Ida Mae Jones is a young African-American woman living with her family in Louisiana. Her father who taught her to fly a small crop duster has passed away, and her brother has signed up to serve in World War II. It is not surprising that Ida Mae feels caught between her family obligations and her love of flying. She learns about the Women Airforce Service Pilots -- a civilian organization that served to fly airplanes under the military with the goal of freeing up qualified men to serve in combat. The WASP pilots transferred planes and equipment from assembly plants to military bases and often trailed targets in the air for anti-aircraft artillery practice.
Not only was the WASP a highly selective group that underwent rigorous training, but Ida Mae faces even more difficulty because she knows she can't sign up as a black woman. Her fair skin allows her to pass for white, but the stress of this combined with the training proves difficult. On the positive side, the friends Ida Mae makes in WASP training are fantastic and provide support for Ida Mae even if they don't know her secret for sure.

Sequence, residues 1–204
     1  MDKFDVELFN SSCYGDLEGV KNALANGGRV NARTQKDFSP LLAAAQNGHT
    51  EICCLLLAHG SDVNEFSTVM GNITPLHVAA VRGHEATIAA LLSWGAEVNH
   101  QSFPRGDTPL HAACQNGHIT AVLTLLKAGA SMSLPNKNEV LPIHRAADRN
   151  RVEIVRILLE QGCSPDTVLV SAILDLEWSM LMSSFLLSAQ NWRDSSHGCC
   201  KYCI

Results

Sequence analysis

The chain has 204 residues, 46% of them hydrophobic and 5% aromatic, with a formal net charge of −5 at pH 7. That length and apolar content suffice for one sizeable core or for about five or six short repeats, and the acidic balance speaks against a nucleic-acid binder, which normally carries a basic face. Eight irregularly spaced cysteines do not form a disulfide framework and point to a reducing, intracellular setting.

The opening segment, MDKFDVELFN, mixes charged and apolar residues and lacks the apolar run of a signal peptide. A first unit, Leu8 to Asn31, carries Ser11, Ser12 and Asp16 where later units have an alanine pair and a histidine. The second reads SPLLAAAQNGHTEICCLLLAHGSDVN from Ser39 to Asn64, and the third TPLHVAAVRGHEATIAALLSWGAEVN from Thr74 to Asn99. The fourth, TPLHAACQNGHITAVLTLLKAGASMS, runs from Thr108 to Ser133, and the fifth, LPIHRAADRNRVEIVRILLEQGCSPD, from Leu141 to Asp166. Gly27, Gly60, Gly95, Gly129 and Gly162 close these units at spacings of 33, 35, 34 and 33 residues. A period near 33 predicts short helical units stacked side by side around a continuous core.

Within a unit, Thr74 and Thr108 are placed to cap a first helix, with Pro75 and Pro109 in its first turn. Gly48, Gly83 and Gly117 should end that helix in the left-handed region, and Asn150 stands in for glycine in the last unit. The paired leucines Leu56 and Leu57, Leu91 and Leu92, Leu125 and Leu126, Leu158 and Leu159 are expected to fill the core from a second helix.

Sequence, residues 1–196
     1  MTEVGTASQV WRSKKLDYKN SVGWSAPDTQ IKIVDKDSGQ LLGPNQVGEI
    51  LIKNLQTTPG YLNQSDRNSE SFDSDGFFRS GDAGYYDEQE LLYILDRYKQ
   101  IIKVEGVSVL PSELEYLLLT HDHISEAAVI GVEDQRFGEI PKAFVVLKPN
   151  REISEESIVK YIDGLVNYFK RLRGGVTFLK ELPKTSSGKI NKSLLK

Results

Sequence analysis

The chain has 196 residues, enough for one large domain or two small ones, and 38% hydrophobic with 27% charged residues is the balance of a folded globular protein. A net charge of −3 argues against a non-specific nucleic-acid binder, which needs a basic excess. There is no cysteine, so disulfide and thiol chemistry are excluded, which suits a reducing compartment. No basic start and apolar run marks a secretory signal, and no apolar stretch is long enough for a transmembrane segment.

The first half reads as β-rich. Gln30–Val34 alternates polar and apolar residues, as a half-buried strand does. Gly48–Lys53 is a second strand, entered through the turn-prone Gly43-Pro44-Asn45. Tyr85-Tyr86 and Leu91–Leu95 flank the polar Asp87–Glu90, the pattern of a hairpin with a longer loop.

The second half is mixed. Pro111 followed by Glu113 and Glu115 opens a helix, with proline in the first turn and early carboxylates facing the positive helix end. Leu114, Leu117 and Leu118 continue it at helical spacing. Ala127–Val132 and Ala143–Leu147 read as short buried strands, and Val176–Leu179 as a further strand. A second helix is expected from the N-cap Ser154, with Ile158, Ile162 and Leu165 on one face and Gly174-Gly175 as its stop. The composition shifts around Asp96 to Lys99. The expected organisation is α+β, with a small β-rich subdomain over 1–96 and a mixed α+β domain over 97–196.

There is a lot of flying in this book -- dreams about flying and actual flying. I wasn't sure I would be able to connect with the characters or their ambitions since they seemed so specific. But by the end, I had great sympathy for the characters. Especially Ida Mae, who is trying to do the right thing, be a good person and also follow her dreams -- even when it means making the hard choices.
It wasn't until the 1970s that the WASPs where granted veterans rights. Flygirl  was not only compelling, but well researched. Check out some nonfiction books  that MCPL owns about the WASPs their amazing service to their country.